Ok. You sat. You pondered. What did the plant say?
Here, I'll go first.
Do you think this challenge is a ridiculous waste of time? Or did you read it and think, Oh that seems a lovely notion!, and go on with your day? I was like both of you, once.
The first time I did this exercise, in my first year of Herbal studies, I went into my teacher’s garden and sat by this shrubby thing. It wasn't a tree, exactly- there was no trunk, just a collection of bendy stems maybe 8 feet tall. There had been flowers earlier, and berries too, but now it was just leaves and coolly green. I got comfortable on the lawn in front of it.
And I waited.
I looked at its bark, the leaves, the ground it grew in.
I breathed, closed my eyes, opened them, lay down, sat straighter.
It felt absurd. I wasn’t having visions, or hearing voices. I was bored, and all I wanted to do was climb the silly thing. This flexible collection of overgrown branches looked so enticing I just wanted to crawl inside it and wrap myself around the stems. Which was of course unreasonable, it could never support me, so I trooped back inside with my classmates, annoyed.
And found out this shrub is Elderberry, literally the Elder of the garden, watching over everything. It has Grandmother energy, and I had wanted to give it a hug SO BAD that I almost cried. My own Grandmother had died tragically in a car accident only a few years before, my life was upside-down, and I had been feeling so alone and without the support that she would have given, in the form of a Dutch Apple cake and just saying nice things to me.
So when I challenge you to go sit with a plant, and you do it, don't "judge" or "assess" or "define" what happens. Because who knows what is happening?
This is how you begin forming connections, by not being in charge of the connecting. Let go, and see who or what introduces themselves, if you’re quiet enough to hear them.
Do you have plant connections? A favorite tree, or a culinary herb that always makes you smile, or a spring flower that reminds you of your childhood cat? Did you ever have connection, but have since lost it?
I had a rich inner-life as a child. No imaginary friends, but I spent long days playing in the woods, creek, fields, and grass on the 80 acres I grew up with. We didn’t have close neighbors, but there was plenty of “scope for imagination” on that land.
There was the stand of hemlock trees that became a whole pretend house, and the one spot where you could cross the creek on a fallen tree, and the white pine that I suddenly couldn’t climb anymore when I grew faster than it did.
I knew where the lawn changed to moss, back by tree line where the old swing set was, and where the mysterious hole was below the tiger lilies, behind the house.
I knew where the spring surfaced, and where it collected into a magical pool that was covered by watercress each spring.
And I always knew exactly where I was, and how to get back home.
After high school I went away to college and jobs and apartments and while I sometimes reflected on that time I spent “before”, it was background to my new reality of responsibilities and adulting. Until I went to an herbal conference back in some hills that echoed the hills I used to know. At the end of the day, driving back in the sunset, the landscape hit me so hard that I wept right there behind the steering wheel.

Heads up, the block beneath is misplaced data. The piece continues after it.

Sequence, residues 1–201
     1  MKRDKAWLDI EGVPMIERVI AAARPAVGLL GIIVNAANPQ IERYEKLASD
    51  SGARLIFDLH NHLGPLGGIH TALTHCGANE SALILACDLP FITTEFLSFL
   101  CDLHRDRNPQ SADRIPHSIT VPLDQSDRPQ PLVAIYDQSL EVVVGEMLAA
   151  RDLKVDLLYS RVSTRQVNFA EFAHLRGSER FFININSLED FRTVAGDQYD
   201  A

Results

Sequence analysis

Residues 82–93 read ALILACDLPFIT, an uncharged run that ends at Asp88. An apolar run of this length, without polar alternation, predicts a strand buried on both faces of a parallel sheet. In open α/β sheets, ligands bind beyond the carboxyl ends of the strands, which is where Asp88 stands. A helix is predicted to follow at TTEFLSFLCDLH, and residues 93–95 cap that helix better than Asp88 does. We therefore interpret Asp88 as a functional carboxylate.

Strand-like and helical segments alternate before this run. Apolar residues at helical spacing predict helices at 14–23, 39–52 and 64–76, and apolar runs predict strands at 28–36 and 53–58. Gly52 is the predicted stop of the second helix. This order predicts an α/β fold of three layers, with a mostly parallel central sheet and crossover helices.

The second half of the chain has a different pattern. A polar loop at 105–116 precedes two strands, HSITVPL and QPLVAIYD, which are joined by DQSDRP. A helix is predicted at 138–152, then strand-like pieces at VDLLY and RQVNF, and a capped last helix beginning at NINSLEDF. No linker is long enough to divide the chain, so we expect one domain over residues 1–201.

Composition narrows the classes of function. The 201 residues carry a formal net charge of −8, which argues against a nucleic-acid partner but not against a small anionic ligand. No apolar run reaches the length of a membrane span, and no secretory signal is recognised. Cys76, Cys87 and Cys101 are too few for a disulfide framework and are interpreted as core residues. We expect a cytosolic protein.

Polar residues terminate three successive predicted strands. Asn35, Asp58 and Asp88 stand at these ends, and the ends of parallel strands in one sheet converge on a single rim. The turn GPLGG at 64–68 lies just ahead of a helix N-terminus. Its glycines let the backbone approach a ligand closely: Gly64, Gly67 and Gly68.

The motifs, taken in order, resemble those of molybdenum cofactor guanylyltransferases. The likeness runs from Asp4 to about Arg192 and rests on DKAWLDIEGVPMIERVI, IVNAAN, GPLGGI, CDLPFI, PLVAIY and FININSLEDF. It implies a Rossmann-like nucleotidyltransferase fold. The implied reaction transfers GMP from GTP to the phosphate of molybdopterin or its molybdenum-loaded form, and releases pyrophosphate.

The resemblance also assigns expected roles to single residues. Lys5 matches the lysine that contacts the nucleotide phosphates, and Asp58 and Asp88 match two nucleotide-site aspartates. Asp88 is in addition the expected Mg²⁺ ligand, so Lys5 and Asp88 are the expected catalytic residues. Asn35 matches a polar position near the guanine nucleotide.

I suddenly felt the enormous reality that where I now lived wasn’t “home”, and that I desperately missed those hills I used to call home. But my life isn’t there anymore, and I needed to find ways to start recognizing my new home in that same deep way. I had to rediscover my ability to make friends with trees and rocks, and reconnect to my present world.
(And in this process of rediscovery and reconnection, I remembered my Herbalism. At its heart, my teaching of both Pilates and Herbal Medicine is driven by my passion to help you recognize and identify these small voices without words, that guide you to connect both inside and out.)
There are lots of ways to deepen your connection to plants, to learn to recognize them outside and to learn what they do inside you. There are classes, walks, talks, books, videos, apps, all sorts of ways to get more information.
But I challenge you to do this one thing:
Memories? Observations? Random, unconnected, meaningless thoughts? (Of course they're not! But we'll get to that.)
Really, get going. I'll wait.
Fun Fact: I'm an herbalist and a movement coach. Not a doctor, or a pharmacist, and not pretending to be one on TV.
This is a public space, so my writing reflects my experiences and I try to stay general enough so it might relate to you. This does not constitute medical advice, and I encourage you to discuss concerns with your doctor. Remember, however, that the final say in your wellness decisions are always yours- you have the power to choose, you are the boss of you.
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This website is provided for educational and informational purposes only and is not medical, mental health or healthcare advice. The information presented here is not intended to diagnose, treat, heal, cure or prevent any illness, medical condition or mental or emotional condition. Working with us is not a guarantee of any results. Paula Billig owns all copyrights to the materials presented here unless otherwise noted.